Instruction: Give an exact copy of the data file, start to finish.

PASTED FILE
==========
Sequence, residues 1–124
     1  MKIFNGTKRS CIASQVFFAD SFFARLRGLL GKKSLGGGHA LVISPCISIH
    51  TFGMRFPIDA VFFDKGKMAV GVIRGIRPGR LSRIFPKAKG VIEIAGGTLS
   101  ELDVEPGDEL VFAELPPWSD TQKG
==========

Sequence, residues 1–124
     1  MKIFNGTKRS CIASQVFFAD SFFARLRGLL GKKSLGGGHA LVISPCISIH
    51  TFGMRFPIDA VFFDKGKMAV GVIRGIRPGR LSRIFPKAKG VIEIAGGTLS
   101  ELDVEPGDEL VFAELPPWSD TQKG